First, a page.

:: ECMC25

ECMC25 & The Contemporary Organ Music Festival

Sampling the Hopeman Memorial Carillon

What is the pipe organ's place in an age in which music incorporating synthesis and other forms of music technology predominates? The Contemporary Organ Music Festival, an initiative of the Eastman Department of Organ and Historical Keyboards, Eastman Computer Music Center, and College Music Department, explores the rich but little known repertoire of music for organ and tape and for organ and live electronic design. International guest composers convene in workshops and symposia to discuss the state of contemporary music, cutting-edge music technology, and the dynamic relationship between composer and performer in works with live electronics. A scientist engages with a composer in the dialogue between organ, live processing software, Renaissance history, and astronomy. And the threads come together in a concert featuring the world and US premieres of new works for organ and electronics and for carillon bells and electronics. The festival is generously supported by a grant from

The Humanities Project

Schedule of Events

Wednesday, April 11, 8:30 pm in the ECMC Studios (ESM 51)
As NEAR as possible: Contemporary music from the Netherlands between 'concrète' and 'concepts'
René Uijlenhoet, guest composer

Thursday, April 12, 5:00 pm in the ECMC Studios (ESM 51)
Live Performance Techniques using Kyma
Steve Everett, guest composer

Friday, April 13, 4:00 pm in ESM 305
[ Symposium ] The Dynamic Relationship Between Composer and Performer in Works with Live Electronics
Steve Everett and René Uijlenhoet, guest composers

Saturday, April 14, 4:00 pm in Interfaith Chapel (Wilson Blvd.), University of Rochester
Pre-concert discussion: A Dialogue with Galileo
David Douglass, Professor of Physics, and René Uijlenhoet, guest composer
Galileo Galilei's book Dialogo di Galileo Galilei ... : doue ne i congressi di quattro giornate si discorre sopra i due massimi sistemi del mondo tolemaico e copernicano proponendo indeterminatamente le ragioni filosofiche e naturali tanto per l'vna, quanto per l'altra parte (1632) compares the prevailing concept of a flat earth with Galileo's own theory of a spherical, rotating planet. Interestingly, he both defends and criticizes each model in order to evade the church's stringent censorship. Uijlenhoet will discuss how he drew technical and musical inspiration for his composition Dialogo sopra I due sistemi (2003) for organ and live electronics from the book, and Dr. Douglass will examine the book's historical context and impact across scientific, philosophical, and musical thought.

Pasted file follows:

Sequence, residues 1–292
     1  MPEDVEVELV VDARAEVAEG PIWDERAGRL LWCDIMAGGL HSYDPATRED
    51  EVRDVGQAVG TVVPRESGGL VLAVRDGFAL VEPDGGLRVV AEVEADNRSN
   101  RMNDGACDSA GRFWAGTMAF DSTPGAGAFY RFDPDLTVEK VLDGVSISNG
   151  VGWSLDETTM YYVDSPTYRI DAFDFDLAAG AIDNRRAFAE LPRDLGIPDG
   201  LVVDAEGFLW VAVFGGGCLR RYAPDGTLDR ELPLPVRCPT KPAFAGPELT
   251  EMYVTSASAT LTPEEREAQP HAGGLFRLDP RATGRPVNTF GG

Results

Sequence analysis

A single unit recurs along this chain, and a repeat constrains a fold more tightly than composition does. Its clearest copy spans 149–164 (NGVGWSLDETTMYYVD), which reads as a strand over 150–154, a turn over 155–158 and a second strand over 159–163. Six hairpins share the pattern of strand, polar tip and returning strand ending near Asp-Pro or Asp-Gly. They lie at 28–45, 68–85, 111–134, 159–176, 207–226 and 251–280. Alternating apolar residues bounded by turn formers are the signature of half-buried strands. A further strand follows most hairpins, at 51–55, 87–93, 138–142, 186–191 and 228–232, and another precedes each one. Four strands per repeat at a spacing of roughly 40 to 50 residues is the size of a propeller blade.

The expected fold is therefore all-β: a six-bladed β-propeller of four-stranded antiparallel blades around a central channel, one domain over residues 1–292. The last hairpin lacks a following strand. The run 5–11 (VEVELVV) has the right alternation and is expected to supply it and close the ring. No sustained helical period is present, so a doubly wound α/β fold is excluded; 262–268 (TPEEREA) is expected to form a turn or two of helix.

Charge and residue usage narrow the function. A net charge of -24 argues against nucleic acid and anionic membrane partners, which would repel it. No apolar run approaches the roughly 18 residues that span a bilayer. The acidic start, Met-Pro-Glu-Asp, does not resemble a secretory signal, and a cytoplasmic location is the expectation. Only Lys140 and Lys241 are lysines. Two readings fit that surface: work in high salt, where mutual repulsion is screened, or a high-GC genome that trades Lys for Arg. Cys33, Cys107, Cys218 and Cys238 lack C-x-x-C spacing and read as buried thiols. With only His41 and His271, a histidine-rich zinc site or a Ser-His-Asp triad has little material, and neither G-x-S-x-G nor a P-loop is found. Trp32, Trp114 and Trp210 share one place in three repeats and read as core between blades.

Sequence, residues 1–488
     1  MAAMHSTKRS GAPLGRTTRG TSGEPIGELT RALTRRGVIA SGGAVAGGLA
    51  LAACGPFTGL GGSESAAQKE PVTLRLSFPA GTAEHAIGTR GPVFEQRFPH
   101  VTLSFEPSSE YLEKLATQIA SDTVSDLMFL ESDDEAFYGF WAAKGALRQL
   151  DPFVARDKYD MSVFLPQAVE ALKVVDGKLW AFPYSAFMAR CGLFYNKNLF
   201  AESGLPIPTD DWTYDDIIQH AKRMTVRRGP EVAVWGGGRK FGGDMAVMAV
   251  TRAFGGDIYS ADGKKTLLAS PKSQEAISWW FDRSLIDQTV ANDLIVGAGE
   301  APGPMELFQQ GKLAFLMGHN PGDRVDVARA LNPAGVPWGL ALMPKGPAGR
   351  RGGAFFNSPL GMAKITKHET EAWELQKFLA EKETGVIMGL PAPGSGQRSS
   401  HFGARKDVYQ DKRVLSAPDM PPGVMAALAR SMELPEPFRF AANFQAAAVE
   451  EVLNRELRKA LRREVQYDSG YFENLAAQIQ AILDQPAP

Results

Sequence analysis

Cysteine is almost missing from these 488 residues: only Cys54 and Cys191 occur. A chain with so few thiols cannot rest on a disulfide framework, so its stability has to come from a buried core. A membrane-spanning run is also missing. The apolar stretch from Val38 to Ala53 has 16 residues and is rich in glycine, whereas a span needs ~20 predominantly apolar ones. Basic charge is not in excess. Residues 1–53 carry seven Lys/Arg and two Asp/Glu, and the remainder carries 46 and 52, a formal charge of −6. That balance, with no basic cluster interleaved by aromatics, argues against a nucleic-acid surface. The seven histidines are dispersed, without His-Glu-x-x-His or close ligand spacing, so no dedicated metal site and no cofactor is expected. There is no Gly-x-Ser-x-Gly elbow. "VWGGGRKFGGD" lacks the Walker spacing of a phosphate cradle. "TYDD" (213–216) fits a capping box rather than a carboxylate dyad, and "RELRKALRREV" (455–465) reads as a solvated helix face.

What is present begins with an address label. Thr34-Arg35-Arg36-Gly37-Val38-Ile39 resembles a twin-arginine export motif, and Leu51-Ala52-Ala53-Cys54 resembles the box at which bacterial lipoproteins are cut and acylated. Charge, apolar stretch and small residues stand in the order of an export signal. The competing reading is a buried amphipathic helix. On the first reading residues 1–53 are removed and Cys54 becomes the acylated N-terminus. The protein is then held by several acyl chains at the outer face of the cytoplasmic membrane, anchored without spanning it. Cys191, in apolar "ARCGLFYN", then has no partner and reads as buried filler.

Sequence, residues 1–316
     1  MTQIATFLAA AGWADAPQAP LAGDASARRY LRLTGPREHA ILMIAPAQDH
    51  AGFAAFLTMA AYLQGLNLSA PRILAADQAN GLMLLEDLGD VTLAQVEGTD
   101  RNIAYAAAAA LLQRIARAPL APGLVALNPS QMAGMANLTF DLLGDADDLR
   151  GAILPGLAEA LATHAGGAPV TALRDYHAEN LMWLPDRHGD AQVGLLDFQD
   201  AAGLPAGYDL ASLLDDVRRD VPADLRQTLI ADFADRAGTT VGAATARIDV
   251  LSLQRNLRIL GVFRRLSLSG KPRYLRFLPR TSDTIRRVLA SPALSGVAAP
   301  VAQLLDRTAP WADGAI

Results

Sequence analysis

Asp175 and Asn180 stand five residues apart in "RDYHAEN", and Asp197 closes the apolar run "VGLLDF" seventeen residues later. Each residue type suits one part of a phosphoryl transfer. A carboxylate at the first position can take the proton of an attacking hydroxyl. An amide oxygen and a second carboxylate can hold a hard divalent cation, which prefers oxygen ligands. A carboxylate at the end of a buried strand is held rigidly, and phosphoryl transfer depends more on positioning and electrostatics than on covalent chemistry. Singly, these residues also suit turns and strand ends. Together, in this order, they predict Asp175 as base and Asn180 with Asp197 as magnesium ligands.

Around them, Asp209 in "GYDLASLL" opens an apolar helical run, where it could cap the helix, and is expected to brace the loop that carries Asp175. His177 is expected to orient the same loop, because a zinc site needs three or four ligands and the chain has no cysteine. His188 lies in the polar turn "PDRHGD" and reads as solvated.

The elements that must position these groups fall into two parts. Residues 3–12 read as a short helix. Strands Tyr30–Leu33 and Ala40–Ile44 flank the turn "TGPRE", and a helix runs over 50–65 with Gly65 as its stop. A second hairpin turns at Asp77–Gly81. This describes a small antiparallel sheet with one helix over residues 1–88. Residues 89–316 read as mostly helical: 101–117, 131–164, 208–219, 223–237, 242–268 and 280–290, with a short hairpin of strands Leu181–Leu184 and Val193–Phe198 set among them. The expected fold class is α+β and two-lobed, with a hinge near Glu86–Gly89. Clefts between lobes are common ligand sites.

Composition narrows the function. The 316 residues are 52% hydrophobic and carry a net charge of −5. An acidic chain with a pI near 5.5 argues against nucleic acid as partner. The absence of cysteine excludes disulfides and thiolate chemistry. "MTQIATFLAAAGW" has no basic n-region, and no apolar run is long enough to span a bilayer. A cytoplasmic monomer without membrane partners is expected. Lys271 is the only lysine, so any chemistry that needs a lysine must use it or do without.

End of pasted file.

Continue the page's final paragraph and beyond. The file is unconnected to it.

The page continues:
Electroacoustic Organ and Carillon Concert
Saturday, April 14, 5 - 8 pm in Interfaith Chapel (Wilson Blvd.), University of Rochester
Steve Everett, René Uijlenhoet, Ron Nagorcka, Randy Harlow, Nicole Marane, Ruth Draper, Tiffany Ng, Bogna McGarrigle, Naomi Gregory

Interfaith Chapel

Students from the Eastman Organ Department present a concert of electroacoustic organ and carillon works with guest composers Steve Everett (Emory Univeristy), René Uijlenhoet (the Netherlands), and Ron Nagorcka (Australia) as active performers in their pieces. The concert includes the US premiere of Uijlenhoet's Dialogo sopra I due sistemi (2003) and the world premieres of Paul Coleman's Tiffany Sketches for carillon and amplified electronics and Wojciech Kalamarz's Les Pensées d'Olivier for organ and CD. At intermission, attendees will enjoy a dinner reception with the composers and performers, followed by a light closing reception after the concert.

Guest Composers

Steve Everett
Steve Everett is Professor of Music and teaches composition, computer music, and directs the Music-Audio Research Center at Emory University. Many of his recent compositions involve performers with computer-controlled electronics and have been performed in seventeen different countries throughout Europe, Asia, and North America, including at IRCAM and INA-GRM Radio France in Paris, the Lincoln Center, and Carnegie Hall. The recipient of composition awards from the Rockefeller Foundation, Asian Cultural Council, Chamber Music America, American Composers Forum, and International Trumpet Guild, he is recorded on SCI, Crystal, Mark, Frog Peak and ACA Digital Records. He was a resident research fellow at the Rockefeller Study Center in Bellagio, Italy, Liguria Foundation in Bogliasco, Italy, and at the Center for Humanistic Inquiry at Emory University. In addition to substantial experience conducting opera and orchestral repertoire, he has presented over 200 works of contemporary music as conductor of Thamyris New Music Ensemble in Atlanta since 1992. He earned his doctoral degree in composition from the University of Illinois studying with Salvatore Martirano. He also studied composition with Sir Peter Maxwell Davies and Witold Lutoslawski at Dartington Hall in England and has received foundation support for study in Bali, Java, and India. He served as chair of the Department of Music and interim director of the Center for Humanistic Inquiry at Emory University.